Habitat makes the difference, according to conservation group
Pheasant populations in northwest Wisconsin saw a nice bump this year, but winter could reverse that trend.
Local biologists regularly conduct population surveys across the state, which are used to estimate bird numbers in a given area. Counts in St. Croix, Pierce and Polk counties have seen positive returns recently, and areas even further north are also seeing good population gains. Access to quality habitat and a few back-to-back mild winters have a lot to do with the increase, but heavy snow this winter could set numbers back a bit.
As a general rule, the more days with snow on the ground during a winter, the higher pheasant mortality rates are. Combine heavy snow with extreme temperatures like the state saw in late January, and those rates can rise drastically. In a severe winter with poor habitat conditions, survival rates can be as low as 20 %.
“Birds are pretty tough, and they can endure some extreme conditions, but heavy winters do take their tole,” said Cody Tromberg, a senior Farm Bill Biologist with the conservation organization Pheasant Forever and Quail Forever, who works in St. Croix County. “The fear I have with this winter is we got so much snow early on, and it’s just persisting — that makes things pretty rough.”
It’s natural for hunters and land managers to worry about birds starving when the snow begins to stack up, but starvation during inclement weather is extremely rare. Freezing mortality and predation are much more common without access to good habitat. During harsh winters people are often temped to feed pheasants, deer and other wildlife to help them get through the coldest months. This begins with good intentions, but can actually exacerbate the challenges birds face.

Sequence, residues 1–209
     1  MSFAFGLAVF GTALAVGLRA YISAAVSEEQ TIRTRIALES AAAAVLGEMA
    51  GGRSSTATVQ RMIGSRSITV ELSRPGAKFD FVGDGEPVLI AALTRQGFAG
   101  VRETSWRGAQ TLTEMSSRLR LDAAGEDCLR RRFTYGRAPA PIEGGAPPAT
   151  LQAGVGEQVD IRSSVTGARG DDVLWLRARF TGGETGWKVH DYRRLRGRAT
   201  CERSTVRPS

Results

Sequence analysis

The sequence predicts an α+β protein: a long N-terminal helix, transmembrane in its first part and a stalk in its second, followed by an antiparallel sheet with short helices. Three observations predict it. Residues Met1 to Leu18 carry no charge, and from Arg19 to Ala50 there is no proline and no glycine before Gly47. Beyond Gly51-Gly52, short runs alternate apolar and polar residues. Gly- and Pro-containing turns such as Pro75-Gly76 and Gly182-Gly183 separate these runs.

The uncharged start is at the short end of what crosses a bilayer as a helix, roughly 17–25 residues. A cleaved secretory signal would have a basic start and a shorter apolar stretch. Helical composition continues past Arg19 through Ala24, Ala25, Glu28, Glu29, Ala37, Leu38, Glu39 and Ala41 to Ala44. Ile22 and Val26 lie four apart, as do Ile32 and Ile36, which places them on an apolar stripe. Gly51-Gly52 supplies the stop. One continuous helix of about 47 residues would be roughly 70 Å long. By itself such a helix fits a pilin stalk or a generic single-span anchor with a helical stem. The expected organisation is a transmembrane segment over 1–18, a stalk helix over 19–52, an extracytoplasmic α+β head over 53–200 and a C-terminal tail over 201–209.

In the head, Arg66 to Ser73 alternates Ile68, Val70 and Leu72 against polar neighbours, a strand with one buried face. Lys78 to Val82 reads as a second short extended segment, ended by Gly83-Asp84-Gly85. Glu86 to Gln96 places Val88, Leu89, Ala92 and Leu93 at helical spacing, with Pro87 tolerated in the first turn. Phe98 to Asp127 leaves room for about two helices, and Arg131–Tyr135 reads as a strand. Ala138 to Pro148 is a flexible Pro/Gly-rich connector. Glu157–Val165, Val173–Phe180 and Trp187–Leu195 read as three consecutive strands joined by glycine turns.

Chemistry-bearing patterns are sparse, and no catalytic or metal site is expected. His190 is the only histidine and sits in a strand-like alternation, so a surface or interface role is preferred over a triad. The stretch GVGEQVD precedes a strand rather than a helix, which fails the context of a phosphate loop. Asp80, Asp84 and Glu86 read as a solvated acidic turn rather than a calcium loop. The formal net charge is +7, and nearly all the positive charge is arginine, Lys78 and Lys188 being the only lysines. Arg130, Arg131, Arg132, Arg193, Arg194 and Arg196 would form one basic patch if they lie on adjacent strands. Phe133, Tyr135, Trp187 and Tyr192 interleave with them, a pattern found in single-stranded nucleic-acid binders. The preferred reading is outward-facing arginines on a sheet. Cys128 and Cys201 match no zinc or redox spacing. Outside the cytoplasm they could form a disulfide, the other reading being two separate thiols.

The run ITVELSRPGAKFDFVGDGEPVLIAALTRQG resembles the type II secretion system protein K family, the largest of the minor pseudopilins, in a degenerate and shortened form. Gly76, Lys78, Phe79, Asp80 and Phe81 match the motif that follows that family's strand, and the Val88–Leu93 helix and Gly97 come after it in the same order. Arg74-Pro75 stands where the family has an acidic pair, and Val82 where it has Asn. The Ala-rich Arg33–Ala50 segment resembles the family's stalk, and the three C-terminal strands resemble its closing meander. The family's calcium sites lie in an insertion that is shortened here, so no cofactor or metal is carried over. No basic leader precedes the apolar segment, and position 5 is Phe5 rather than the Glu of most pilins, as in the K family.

“I don’t recommend supplemental feeding for multiple reasons,” said Ron Leathers, Pheasants Forever and Quail Forever’s chief conservation officer. “Feeding pulls birds out of quality thermal cover, depleting energy reserves and adding to freezing mortality. Feeding locations can also quickly turn into a focal point for predation, and the threat of disease (avian flu and other risks) is a major concern, especially this year.”
The answer to all of these problems is — habitat. Feeding wild pheasants is futile and counterproductive, predator control has basically no long-term effect, but creating high quality cover is a game changer.
“If a private landowner in this area wants to help pheasants get through to spring, the most important thing he or she can do is plant some kind of winter cover,” Tromberg said.
Creating wetlands with thick, thermal cattail stands from scratch is very difficult for a number of reasons, but Tromberg said there are other kinds of winter cover that are very effective in this part of Wisconsin.
“We’ve been having really good luck with planting mixed conifer and shrub habitat,” he said. “The downside there is Wisconsin is also a really great deer state, so without tree protection on just about everything, the deer will demolish it. But, once it’s established it makes for ideal winter cover for pheasants.”
Tromberg said the conifers he plants are mostly spruce trees, and he recommends plum, dogwood and ninebark for shrubs. Ninebark in particular can work well since deer don’t browse it as badly as other shrubbery.
Wildlife populations are built to endure harsh winters, high mortality rates notwithstanding, and pheasants are no different. Numbers ebb and flow as years go by, but the one constant need these birds can’t live without is habitat. The more that’s implemented, the more birds will survive, according to Tromberg.
“We have a lot of good grass cover in the parts of Wisconsin with the highest numbers of pheasants, but we don’t have a ton of great winter cover,” he said. “So, if we can improve that across our area, it would really help the birds get through a winter like this.”
For landowners interested in planting or improving upland bird habitat on their property, Tromberg recommended looking into National Pheasant Fest and Quail Classic, which will be held at the Minneapolis Convention Center from February 17-19. Pheasant Fest is an annual celebration hosted by Pheasants Forever that showcases pretty much anything that has to do with upland hunting, from bird dogs to pollinator plots. A large part of the event is what’s call the “Habitat Help Desk,” where landowners can speak with biologists and other habitat pros to form land management plans or get help enrolling in the Conservation Reserve Program (CRP).
“It’s a great resource,” said Tromberg. “So often landowners want to help, but they have questions about how to go about it. Pheasant Fest can help bridge that gap.”
Learn more about the event at www.PheasantFest.org.
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